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General Electric Credit Corp. v. Ger-Beck Machine Co.

filed: December 8, 1986.

GENERAL ELECTRIC CREDIT CORPORATION OF TENNESSEE
v.
GER-BECK MACHINE CO., INC., FISCHER INDUSTRIES, INC., AND AMERICAN TOOL, INC., DEFENDANTS; GER-BECK MACHINE CO., INC., AMERICAN TOOL, INC. AND FISCHER INDUSTRIES, INC., THIRD-PARTY PLAINTIFFS, V. GENERAL AUTOMATION, INC., THIRD-PARTY DEFENDANT; GER-BECK MACHINE CO., INC., APPELLANT



Appeal from the United States District Court for the District of New Jersey (Trenton) Civil Action No. 80-4025.

Author: Mansmann

Before: Becker and Mansmann, Circuit Judges, and Teitelbaum, District Judge*fn*

Opinion OF THE COURT

MANSMANN, Circuit Judge.

This is an appeal from the district court's entry of judgment notwithstanding the verdict in favor of the plaintiff General Electric Credit Corporation ("GECC") in an action to recover from the defendant Ger-Beck Machine Co., Inc. ("Ger-Beck") amounts allegedly due and owing under a note for the purchase price plus interest of a metal lathe manufactured by American Tool, Inc. We agree with the district court's conclusion that the evidence establishes as a matter of New Jersey law that the transaction between GECC and Ger-Beck, while evidenced by an instrument denominated as a lease, was intended only as security for payment of the note. Since such a transaction is expressly excluded from coverage under Article 2 of the Uniform Commercial Code, the record cannot support the jury's finding that Ger-Beck's attempted revocation of acceptance of the lathe was effective against GECC. Therefore, we will affirm.

I.

In November of 1977 Ger-Beck sought to acquire a metal lathe for use in its business. Ger-Beck selected a lathe manufactured by American Tool, Inc. and sent a purchase order to the distributor of the lathe. Through an independent loan broker, Ger-Beck contacted GECC to arrange financing. In July 1978, GECC and Ger-Beck entered into an agreement whereby GECC would pay the purchase price of the lathe in return for Ger-Beck's note for the purchase of the lathe in return for Ger-Beck's note for the purchase price plus interest. Repayment terms were specified in a lease agreement whereby Ger-Beck agreed to make fixed monthly payments. It was further agreed that at the end of the lease period Ger-Beck would become the owner of the lathe for approximately 20 percent of its original price. Ger-Beck deposited this sum with GECC.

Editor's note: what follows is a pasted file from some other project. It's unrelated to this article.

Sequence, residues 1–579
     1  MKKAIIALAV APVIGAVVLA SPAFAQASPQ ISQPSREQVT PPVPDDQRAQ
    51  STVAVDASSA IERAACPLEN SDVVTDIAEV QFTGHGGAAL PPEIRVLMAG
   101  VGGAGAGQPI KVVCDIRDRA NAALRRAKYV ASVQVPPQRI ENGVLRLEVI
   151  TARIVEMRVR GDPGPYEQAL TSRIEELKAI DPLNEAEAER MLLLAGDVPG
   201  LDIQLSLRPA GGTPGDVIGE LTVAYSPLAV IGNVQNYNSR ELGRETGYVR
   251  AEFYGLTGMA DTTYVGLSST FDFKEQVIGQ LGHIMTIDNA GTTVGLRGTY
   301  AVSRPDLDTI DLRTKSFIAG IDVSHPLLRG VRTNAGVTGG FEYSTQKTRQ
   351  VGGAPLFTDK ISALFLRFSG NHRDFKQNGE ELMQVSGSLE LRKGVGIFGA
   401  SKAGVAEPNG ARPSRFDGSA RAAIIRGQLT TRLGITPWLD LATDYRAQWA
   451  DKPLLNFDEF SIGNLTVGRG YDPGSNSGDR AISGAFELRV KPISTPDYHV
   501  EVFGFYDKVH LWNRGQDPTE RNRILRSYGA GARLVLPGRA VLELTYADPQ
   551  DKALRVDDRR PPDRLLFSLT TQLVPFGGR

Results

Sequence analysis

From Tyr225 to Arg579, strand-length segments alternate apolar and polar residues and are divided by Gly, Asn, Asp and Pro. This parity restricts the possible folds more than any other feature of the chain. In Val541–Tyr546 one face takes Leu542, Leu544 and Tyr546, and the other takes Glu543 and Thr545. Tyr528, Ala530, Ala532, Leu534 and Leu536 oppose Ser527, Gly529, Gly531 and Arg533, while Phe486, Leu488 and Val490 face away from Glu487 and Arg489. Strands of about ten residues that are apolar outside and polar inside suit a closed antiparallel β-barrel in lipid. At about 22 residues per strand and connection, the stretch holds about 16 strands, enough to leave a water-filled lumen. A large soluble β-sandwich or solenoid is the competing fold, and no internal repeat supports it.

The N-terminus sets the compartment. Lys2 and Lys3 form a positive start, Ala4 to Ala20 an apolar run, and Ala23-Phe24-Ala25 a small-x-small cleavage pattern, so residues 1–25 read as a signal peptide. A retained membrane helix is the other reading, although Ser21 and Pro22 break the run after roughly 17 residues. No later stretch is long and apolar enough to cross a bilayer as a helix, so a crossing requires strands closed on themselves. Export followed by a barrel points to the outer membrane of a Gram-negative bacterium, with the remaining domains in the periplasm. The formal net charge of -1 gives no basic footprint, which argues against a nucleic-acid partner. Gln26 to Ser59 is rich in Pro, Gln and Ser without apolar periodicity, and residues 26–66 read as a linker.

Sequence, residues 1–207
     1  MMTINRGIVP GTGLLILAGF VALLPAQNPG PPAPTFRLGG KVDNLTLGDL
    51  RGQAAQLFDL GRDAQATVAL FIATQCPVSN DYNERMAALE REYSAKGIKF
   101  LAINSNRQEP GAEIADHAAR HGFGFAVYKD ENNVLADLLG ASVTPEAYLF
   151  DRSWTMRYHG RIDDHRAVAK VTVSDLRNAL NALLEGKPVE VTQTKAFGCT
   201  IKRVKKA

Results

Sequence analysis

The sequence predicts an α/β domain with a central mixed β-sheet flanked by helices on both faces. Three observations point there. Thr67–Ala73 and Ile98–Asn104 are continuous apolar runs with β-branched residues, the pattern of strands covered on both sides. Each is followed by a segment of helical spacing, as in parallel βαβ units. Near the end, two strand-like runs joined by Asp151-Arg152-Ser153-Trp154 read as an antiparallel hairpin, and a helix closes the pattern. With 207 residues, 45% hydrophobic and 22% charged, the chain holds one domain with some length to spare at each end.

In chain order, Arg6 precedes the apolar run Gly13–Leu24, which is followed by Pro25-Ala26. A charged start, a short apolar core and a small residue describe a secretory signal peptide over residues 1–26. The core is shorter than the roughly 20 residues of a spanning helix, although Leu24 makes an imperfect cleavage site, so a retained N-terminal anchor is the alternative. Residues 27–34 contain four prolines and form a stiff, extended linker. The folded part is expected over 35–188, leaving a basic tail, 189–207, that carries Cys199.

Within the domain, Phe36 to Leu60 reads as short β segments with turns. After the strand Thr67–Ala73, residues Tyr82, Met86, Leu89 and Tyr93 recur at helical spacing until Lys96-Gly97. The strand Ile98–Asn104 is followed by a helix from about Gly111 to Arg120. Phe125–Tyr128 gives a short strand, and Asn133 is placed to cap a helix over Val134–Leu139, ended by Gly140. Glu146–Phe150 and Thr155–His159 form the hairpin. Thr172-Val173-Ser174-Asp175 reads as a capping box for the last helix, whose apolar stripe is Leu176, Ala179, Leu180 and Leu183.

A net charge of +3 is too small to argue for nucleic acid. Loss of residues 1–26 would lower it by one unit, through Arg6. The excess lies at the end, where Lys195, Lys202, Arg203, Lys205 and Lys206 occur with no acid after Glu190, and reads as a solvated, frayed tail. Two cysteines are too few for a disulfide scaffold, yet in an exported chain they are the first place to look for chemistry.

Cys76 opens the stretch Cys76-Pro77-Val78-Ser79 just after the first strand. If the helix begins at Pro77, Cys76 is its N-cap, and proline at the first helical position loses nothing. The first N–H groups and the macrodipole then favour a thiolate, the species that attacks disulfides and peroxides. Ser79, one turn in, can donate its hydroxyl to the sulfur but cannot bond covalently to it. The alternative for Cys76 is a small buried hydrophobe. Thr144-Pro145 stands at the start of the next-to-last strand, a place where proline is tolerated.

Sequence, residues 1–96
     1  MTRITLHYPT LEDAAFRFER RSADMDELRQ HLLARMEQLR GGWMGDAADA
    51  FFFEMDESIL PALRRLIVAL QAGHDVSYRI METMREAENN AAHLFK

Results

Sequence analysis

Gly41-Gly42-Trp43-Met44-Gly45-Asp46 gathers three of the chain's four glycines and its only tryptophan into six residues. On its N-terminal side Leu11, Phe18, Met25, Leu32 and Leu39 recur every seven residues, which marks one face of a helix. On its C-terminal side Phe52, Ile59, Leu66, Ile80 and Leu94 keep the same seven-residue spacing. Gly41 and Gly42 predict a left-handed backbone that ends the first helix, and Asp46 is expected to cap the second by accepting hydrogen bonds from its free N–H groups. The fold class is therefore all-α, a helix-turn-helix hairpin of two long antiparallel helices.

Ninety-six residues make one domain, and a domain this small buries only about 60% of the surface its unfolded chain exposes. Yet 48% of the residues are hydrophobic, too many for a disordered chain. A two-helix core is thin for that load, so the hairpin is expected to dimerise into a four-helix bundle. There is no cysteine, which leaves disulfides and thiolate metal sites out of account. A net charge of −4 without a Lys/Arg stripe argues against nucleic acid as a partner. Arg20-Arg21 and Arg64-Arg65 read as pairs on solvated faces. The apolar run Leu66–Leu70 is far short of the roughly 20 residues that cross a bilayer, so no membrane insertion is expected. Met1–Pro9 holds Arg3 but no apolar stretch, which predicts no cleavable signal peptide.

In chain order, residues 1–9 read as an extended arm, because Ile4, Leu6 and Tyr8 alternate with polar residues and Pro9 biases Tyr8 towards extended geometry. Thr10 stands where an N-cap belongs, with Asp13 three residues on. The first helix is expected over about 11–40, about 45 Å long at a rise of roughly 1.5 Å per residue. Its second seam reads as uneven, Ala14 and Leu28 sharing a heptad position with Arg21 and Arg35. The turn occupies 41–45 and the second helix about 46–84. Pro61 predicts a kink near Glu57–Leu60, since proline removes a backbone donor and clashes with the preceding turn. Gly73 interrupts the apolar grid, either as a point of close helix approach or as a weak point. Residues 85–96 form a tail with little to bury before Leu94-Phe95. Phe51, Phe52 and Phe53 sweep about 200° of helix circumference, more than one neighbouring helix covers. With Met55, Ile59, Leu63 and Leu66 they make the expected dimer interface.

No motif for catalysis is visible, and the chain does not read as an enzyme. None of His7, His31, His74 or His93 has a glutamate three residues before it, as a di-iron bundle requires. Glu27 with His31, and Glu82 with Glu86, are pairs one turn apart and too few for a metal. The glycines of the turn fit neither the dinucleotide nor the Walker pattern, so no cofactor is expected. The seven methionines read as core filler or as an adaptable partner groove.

In 1978, immediately after the installation of the lathe in Ger-Beck's plant, Ger-Beck began experiencing problems with it and called upon American Tool to cure the defects. On the assurance of American that the defects could be remedied, Ger-Beck accepted the lathe. Upon notification of Ger-Beck's acceptance of the lathe, GECC paid the distributor the full purchase price.

American was unable to remedy the defects to Ger-Beck's satisfaction. In July 1980 Ger-Beck ceased making payments under the lease, and in August 1980 notified GECC for the first time that the lathe was not operating satisfactorily. GECC brought this diversity action on the note and on the lease. At trial GECC proceeded on the note only.

At trial Ger-Beck asserted the defense of breach of warranty amounting to a complete failure of consideration. The defendant also alleged a proper revocation of acceptance of the lathe, and counterclaimed for the return of the deposit and rental payments under a written lease agreement with the plaintiff. Both the defenses and the counterclaim assumed that the transaction between the plaintiff and the defendant was in the nature of a sale governed by Article 2 of the Uniform Commercial Code. See N.J.S.A. 12A:2-101 to 2-725.

The case was tried to a jury and at the close of the defendant's case, the plaintiff moved for a directed verdict asserting that its lease arrangement with Ger-Beck was strictly a financing transaction in which the lease was intended to provide only a security interest. Therefore Article 2 by its express terms did not govern the rights and duties of the parties. See N.J.S.A. 12A:2-102.